It’s now a week since we returned from Japan and there has been time to reflect on the journey.
Negatives first. I feel that the holiday was too short, too rushed. We seemed to spend a good portion of each day travelling on trains. For me, that is not unusual as my daily commute to and from work is at least three hours by rail. But B didn’t enjoy the non-Shinkansen portions and it was difficult to relax with her unease.
More difficult was, I think, that there were only a couple of locations where we stayed more than one night. From all our travels we have learned that it staying a few nights in the same place can make a large difference to your enjoyment. There’s less packing and unpacking, dragging luggage around. You get a feeling for the rhythms of the place, can revisit a restaurant or shop that you especially like. There is less pressure to make instant decisions knowing that you cannot revisit them.
Following on from this were the hotels we stayed in. I think that we have become a little spoiled lately. None of the hotels were awful, but a few of the locations didn’t offer non-smoking rooms and smelled rather musty as a consequence. On the plus side, they all offered free internet access in one form or another. We also enjoyed the Japanese style room at the Hotel Hana in Takayama. The tatami mat floor feels so good to walk on with tired feet and I enjoy sleeping on the futons. I have to recommend this hotel if only for the very friendly service and the potato salad at breakfast. The Osaka Cross Hotel also wins plaudits from us, especially the Japanese bathroom.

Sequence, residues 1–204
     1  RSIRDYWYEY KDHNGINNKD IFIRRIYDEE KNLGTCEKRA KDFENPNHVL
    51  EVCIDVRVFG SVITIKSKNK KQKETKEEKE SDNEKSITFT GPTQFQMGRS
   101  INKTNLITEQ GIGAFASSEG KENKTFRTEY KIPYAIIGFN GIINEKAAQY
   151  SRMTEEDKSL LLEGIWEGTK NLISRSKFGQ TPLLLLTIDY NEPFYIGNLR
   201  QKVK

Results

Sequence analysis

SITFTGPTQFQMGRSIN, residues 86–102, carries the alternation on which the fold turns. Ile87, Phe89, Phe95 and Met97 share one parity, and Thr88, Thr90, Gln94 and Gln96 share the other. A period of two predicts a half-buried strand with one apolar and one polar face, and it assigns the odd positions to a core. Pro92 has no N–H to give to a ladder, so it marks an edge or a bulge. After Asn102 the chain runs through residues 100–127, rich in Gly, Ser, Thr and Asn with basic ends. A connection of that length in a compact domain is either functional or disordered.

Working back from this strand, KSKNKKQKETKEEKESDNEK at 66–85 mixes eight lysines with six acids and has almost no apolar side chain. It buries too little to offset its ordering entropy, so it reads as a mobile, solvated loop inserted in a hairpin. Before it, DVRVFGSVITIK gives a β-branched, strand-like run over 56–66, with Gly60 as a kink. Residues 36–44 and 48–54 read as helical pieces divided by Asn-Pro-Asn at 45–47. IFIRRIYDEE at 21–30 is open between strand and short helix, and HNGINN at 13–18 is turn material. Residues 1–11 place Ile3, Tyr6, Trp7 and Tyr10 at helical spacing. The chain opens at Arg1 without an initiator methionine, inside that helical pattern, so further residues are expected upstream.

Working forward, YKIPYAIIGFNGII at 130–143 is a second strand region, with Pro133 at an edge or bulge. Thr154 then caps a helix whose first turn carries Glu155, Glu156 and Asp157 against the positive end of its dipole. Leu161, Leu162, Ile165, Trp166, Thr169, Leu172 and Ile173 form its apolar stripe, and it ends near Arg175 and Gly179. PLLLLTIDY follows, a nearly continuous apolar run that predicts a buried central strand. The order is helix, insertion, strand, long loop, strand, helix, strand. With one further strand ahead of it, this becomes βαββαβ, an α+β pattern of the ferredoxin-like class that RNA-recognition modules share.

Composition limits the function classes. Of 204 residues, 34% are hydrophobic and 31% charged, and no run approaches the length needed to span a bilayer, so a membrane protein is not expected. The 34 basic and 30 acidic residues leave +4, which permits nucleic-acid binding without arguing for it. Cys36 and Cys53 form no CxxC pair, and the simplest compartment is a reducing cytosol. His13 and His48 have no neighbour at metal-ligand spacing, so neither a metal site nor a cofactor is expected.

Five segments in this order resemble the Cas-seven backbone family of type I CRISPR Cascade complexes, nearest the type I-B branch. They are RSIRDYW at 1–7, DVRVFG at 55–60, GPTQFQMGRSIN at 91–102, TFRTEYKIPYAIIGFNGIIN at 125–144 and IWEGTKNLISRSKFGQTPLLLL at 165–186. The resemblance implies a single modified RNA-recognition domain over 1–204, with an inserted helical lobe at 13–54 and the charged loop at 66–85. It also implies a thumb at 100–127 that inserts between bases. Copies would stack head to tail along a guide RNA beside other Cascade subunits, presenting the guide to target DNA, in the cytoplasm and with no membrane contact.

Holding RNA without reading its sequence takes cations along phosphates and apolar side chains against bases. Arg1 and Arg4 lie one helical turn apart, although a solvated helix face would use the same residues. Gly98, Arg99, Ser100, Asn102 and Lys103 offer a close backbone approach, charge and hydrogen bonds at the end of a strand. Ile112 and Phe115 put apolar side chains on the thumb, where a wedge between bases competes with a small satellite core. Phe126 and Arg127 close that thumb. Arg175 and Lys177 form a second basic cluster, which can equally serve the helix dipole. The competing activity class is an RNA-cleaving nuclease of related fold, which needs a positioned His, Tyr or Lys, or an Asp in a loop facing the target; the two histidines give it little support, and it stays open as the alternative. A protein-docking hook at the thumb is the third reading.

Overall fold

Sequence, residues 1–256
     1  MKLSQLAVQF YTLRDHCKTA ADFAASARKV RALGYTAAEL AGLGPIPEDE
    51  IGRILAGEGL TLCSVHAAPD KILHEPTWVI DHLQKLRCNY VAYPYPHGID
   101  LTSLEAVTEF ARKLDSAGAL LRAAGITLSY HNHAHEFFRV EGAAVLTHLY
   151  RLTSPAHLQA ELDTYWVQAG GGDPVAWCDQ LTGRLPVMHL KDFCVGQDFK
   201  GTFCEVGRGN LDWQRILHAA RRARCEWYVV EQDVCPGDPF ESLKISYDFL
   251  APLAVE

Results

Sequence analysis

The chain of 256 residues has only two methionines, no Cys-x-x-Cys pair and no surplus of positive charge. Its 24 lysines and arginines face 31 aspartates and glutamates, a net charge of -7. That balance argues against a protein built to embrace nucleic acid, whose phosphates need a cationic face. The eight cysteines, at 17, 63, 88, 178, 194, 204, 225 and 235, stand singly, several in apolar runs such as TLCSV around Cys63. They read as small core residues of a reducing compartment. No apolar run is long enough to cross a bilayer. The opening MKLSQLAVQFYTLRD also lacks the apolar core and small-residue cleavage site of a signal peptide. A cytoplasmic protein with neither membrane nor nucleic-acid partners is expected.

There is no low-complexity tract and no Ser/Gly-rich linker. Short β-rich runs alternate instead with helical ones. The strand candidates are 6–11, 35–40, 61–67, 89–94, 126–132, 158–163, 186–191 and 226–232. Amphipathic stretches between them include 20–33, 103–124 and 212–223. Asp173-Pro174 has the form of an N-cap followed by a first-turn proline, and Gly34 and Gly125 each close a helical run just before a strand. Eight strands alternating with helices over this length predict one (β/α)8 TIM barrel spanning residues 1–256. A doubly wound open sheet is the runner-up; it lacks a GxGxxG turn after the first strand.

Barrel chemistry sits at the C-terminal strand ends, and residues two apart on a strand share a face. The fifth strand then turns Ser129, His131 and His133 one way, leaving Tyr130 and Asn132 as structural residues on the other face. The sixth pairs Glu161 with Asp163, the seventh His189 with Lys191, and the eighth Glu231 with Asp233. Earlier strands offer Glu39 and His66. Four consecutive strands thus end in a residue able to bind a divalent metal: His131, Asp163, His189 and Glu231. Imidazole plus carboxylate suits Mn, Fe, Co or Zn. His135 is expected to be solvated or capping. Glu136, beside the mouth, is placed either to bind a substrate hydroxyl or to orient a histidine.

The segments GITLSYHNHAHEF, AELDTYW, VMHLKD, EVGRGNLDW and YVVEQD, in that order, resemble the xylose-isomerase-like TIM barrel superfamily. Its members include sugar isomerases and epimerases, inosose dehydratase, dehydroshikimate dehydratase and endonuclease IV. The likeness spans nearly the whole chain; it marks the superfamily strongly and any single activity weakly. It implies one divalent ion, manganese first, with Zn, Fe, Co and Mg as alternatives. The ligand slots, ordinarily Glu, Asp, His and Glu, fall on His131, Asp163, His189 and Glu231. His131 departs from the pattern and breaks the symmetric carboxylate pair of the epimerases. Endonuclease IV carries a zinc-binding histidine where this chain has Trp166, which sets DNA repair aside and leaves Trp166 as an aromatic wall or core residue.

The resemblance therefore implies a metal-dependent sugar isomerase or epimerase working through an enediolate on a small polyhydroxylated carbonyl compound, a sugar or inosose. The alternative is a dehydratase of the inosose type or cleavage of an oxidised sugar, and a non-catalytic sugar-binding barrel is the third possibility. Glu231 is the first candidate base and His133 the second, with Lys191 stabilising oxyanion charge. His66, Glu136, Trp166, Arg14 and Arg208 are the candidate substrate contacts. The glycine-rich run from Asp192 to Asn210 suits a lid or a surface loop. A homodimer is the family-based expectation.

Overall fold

Despite the hurried pace of this trip I really did enjoy the places we visited. Each had something special and different about it. B and I agree that our absolute highlight of this trip was relaxing in the teahouse at Ritsurin-koen in Takamatsu. Sitting on a tatami mat with the shoji screens opened to let in the breeze and the beautiful garden views was wonderful wherever we were in Japan and I should have liked to stay in a suitably scenic ryokan to enjoy such experiences longer.
Perhaps Tsumago might be such a place for a ryokan stay. Despite the tourist buses the tiny historic town retained a sense of peacefulness and of a life lived despite the cameras. I would have enjoyed walking the trails around the town and sinking into life in the town away from the neon madness of Japan’s cities.
Some of the craziest areas of Japan can be found at the main railway stations of major cities. I love the mini-cities that are such stations with so many hotels, restaurants and shops surrounding the station that you often feel that you don’t need to leave the station grounds except aboard a train.
The thing about Japan is that on the surface it can look pretty boring. Grey suburbia and factories, yet another castle or temple. But scratch the surface and it feels like there are an infinite number of things to see, do and enjoy. Each time I leave Japan I do so feeling like there is so much more I want to experience.
In part 2 I’ll reflect on the flights.